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Who advised you to place rent with a third party?
Who is the third party?
Did the landlord take a deposit and have you received details of the tenancy deposit scheme in to which this has been placed?
Thanks for your reply.
The fact that your rent is placed with a third party does not preclude the landlord from apply for an order for possession following service of s8 notice under the Housing ACt 1988 for rent arrears. You would though be entitled to make representations at the hearing as to your position on repair and rent.
The heating issue is of such a length that provided you can show you have acted reasonably then they probably will not grant an order for possession. By acting reasonably you must have informed the landlord or the action you have taken in depositing it with a third party and making clear the terms of its release.
To substantiate your position I would write to the landlord stating:-
1. where the money is held
2. By who and that there status is holding as stakeholder
3. The disrepair and the works required to be carried out in order to release the rent to him.
4. that you shall provide him with a letter from the university regarding the monies
If he does issue proceedings then you will have to collate your evidence - statement from the University that they are holding the money, that they do so as stakeholder, that you have not attempted to recover the money and that they are aware of your reasons for lodging it with them. Also produce documentary evidence that you have kept the landlord informed of the status of the rent and your requirements to release it.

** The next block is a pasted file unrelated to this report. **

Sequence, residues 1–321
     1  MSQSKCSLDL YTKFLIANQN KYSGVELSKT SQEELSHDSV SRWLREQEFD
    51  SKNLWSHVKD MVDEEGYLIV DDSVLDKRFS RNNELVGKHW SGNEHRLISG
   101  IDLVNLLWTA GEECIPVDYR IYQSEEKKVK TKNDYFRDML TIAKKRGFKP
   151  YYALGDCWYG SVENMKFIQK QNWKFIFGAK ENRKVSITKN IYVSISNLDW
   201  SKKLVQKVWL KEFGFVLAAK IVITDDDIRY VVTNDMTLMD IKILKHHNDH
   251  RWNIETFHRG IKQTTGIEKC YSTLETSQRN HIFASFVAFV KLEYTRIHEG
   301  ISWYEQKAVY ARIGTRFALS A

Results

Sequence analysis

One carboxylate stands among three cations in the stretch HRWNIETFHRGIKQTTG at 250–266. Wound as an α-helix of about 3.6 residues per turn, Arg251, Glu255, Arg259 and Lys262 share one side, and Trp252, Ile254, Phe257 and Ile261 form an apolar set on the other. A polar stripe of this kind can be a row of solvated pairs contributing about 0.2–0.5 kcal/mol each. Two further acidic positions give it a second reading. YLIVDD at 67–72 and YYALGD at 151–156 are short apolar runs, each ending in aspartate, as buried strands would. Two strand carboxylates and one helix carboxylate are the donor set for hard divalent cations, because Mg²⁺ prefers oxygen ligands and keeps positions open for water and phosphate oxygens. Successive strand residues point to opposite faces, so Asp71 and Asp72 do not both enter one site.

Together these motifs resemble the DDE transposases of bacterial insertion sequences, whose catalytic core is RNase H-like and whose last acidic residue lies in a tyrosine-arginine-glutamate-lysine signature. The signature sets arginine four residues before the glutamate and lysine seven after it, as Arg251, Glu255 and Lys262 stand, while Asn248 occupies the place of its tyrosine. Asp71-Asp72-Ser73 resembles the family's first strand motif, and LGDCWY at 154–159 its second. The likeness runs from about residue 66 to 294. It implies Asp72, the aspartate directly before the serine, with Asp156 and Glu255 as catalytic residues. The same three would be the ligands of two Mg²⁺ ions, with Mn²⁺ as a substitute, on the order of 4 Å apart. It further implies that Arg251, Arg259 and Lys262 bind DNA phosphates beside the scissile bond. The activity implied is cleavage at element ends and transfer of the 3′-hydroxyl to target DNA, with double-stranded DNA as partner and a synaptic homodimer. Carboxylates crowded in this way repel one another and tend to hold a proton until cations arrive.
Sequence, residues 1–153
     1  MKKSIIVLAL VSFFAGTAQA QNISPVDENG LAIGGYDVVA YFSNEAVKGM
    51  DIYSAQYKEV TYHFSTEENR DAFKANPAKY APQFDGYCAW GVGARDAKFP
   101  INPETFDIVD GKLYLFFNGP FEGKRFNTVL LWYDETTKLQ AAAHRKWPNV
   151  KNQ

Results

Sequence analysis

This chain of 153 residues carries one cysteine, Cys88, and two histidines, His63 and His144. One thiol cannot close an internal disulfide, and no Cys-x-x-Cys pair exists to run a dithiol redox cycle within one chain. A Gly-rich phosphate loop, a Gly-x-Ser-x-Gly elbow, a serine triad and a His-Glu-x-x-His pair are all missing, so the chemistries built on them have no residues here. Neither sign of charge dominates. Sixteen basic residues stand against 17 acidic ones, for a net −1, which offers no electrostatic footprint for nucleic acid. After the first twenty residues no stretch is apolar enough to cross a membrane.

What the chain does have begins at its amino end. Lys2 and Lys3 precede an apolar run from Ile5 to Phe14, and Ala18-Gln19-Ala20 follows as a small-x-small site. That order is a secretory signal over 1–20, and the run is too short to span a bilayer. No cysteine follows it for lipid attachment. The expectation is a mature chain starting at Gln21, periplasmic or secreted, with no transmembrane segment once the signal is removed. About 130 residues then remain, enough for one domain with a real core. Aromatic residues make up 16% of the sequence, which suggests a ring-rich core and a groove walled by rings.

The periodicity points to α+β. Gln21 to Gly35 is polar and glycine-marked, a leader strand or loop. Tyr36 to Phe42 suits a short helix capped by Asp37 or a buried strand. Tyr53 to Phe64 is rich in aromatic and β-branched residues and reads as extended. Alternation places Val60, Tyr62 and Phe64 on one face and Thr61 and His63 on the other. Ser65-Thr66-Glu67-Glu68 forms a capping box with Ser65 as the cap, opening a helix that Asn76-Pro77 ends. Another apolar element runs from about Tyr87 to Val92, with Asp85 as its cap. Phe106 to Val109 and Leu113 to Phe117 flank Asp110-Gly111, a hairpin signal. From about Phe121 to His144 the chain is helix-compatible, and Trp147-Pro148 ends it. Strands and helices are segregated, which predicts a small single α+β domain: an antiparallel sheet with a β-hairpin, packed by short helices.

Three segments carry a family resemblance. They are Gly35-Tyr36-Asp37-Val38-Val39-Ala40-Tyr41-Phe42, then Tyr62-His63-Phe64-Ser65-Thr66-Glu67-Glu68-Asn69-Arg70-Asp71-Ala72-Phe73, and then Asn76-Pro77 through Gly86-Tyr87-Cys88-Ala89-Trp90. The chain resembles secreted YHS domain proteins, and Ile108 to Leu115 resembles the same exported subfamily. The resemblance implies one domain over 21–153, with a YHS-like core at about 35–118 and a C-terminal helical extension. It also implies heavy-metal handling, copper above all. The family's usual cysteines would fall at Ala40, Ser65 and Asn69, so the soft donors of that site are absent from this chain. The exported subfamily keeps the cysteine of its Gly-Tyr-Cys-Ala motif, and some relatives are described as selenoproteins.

This should be sufficient for a Court not to make an order for possession and to compel the landlord to carry out the necessary repair.
The alternative in the beginning, which I would have advised, would have been to continue to pay rent to the landlord but writing to him specifying the disrepair and asking that he repair it within a specified period of time otherwise you will make the repairs for him and sue him for the money. This could have been done quite easily via www.moneyclaim.gov.uk
In many ways it would be best for you if he does issue proceedings so that you can make pleadings to the Court.
I would also advise calling the environmental health department to see if they will make an inspection and possibly serving an enforcement notice upon the landlord to further increase the pressure on him.
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If the landlord issues proceedings then providing you collate your evidence sensibly and ensure that both the court and landlord receives copies of that which you will seek to rely on at the hearing then you can act on your own behalf. Judges are fair-minded and appreciate that not everyone wishes to instruct solicitors for every legal proceedings. They will be sympathetic to you and your position and you should not be at all scared about acting on your own.
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